Fit for a queen

During her historic 70-year reign, Queen Elizabeth II witnessed many technological advances, from the evolution of the television to the home computer to smartphones. But long before she could tour the heart of Silicon Valley to see their origins firsthand, she, too, had her own ties to service during WWII.

She enlisted in the Auxiliary Territorial Service in 1945 and trained to become a military truck driver and mechanic. The first female member of the royal family to serve in the armed forces, she was promoted to honorary junior commander, the equivalent of an army captain, after completing five months of training. The war ended before she could be assigned to active duty.

Dave Packard shows Queen Elizabeth II a piece of technology.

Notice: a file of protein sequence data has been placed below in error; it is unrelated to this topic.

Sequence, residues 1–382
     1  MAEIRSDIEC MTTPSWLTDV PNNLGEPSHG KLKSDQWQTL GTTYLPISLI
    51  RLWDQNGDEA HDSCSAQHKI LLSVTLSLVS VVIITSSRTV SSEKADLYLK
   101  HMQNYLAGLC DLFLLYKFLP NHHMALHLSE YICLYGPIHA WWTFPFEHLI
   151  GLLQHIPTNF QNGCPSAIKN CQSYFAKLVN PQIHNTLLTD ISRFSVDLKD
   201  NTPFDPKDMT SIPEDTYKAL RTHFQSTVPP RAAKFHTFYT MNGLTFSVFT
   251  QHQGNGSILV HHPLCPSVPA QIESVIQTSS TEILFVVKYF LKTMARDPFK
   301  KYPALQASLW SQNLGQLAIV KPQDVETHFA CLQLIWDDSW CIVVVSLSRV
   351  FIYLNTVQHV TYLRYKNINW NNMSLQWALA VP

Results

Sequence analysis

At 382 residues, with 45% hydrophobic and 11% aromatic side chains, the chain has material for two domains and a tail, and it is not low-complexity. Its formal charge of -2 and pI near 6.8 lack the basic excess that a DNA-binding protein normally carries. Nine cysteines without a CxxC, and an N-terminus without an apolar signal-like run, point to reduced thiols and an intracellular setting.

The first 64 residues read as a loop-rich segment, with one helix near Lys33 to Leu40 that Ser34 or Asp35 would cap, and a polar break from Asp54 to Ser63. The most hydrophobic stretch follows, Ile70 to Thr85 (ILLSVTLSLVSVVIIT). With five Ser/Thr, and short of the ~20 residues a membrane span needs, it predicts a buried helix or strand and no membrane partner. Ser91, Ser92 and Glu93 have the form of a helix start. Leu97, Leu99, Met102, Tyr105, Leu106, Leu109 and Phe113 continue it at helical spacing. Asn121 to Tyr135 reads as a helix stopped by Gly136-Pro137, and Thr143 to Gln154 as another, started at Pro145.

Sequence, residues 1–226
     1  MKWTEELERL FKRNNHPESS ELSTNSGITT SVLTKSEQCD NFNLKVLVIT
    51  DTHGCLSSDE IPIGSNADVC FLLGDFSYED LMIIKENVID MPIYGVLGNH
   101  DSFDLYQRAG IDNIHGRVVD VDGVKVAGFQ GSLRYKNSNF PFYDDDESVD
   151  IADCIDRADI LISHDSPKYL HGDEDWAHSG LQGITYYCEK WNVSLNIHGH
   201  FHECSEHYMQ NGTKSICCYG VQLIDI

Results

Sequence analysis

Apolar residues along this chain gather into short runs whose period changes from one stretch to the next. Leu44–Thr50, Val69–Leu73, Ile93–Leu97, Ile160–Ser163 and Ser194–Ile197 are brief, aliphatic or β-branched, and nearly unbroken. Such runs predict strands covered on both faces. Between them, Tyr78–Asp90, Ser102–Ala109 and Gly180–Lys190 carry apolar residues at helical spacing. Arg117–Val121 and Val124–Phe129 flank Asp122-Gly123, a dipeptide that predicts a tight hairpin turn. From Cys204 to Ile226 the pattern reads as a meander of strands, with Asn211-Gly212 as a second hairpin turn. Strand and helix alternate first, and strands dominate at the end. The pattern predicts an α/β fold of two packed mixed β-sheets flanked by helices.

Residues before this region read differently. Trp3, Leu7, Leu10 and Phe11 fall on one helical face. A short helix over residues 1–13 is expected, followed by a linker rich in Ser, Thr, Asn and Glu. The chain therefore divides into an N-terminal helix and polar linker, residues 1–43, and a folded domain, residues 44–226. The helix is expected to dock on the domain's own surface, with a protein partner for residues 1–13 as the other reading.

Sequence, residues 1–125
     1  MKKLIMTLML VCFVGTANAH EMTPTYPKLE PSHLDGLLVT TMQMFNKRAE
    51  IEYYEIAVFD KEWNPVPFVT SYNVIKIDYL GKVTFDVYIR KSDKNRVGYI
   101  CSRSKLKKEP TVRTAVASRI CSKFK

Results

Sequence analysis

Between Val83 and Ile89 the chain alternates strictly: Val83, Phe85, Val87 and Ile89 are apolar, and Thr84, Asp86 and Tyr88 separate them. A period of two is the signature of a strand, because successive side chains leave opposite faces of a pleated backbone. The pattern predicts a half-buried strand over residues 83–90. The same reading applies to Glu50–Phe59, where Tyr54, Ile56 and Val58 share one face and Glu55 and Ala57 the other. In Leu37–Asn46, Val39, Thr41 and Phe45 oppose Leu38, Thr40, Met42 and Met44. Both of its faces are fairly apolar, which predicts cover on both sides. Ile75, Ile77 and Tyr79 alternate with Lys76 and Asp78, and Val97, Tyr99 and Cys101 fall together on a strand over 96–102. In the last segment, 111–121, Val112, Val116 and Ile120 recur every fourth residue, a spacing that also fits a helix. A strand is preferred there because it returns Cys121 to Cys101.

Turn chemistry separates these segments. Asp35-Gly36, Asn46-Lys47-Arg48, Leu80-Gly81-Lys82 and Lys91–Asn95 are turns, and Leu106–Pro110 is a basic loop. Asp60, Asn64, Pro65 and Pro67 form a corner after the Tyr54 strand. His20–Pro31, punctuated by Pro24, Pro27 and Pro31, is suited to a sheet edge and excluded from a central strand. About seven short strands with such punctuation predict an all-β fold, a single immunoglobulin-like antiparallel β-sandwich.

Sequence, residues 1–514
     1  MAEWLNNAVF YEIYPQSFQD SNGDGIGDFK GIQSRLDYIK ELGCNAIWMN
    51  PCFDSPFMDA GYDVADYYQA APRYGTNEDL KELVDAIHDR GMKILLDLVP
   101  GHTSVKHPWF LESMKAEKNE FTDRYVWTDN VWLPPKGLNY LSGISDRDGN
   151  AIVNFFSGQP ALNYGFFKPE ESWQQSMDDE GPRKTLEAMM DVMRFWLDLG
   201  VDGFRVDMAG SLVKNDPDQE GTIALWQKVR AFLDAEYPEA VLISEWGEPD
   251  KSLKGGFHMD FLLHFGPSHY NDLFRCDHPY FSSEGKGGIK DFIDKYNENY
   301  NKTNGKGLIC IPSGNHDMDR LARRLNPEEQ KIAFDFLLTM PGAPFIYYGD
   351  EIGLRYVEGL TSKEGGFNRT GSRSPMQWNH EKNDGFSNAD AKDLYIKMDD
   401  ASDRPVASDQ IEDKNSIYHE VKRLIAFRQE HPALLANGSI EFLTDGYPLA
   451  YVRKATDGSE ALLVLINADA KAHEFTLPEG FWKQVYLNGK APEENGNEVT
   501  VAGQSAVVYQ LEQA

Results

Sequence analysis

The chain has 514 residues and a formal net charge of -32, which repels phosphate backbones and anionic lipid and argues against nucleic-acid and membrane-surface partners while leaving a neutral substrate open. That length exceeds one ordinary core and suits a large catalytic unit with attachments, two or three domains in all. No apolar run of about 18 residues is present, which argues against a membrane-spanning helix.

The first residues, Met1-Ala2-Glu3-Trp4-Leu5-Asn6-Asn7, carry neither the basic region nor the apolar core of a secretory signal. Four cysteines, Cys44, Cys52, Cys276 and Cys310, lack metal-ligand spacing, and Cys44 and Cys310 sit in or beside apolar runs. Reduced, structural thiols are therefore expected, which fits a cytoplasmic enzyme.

Hewlett-Packard Company Archives

HP co-founder Dave Packard welcomes Queen Elizabeth II to the company’s manufacturing facility during her 1983 royal tour of the West Coast.

Nearly forty years later, she met with HP co-founder Dave Packard during a 1983 royal tour of California and the West Coast. 

As part of a three-day visit to the Bay Area — which included a tour of San Francisco Bay aboard the Royal Yacht Britannia and a serenade by Tony Bennett of “I Left My Heart in San Francisco” — the then 57-year-old monarch received an insider’s peek at Hewlett Packard’s Cupertino manufacturing facility. In addition to meeting with employees and seeing engineers at work, the Queen and her entourage, among them Prince Philip, witnessed a demonstration on how microchips and microphones were delicately integrated into computers by hand. 

Later that evening, during a formal dinner with President Ronald Reagan, the Queen remarked on the technological achievements she had seen that day, commenting that the “miracle… lies not in the wizardry of electronics, but in the genius and shared dedicated determination of men and women. That is what speaks loudest in California.” — Angela Matusik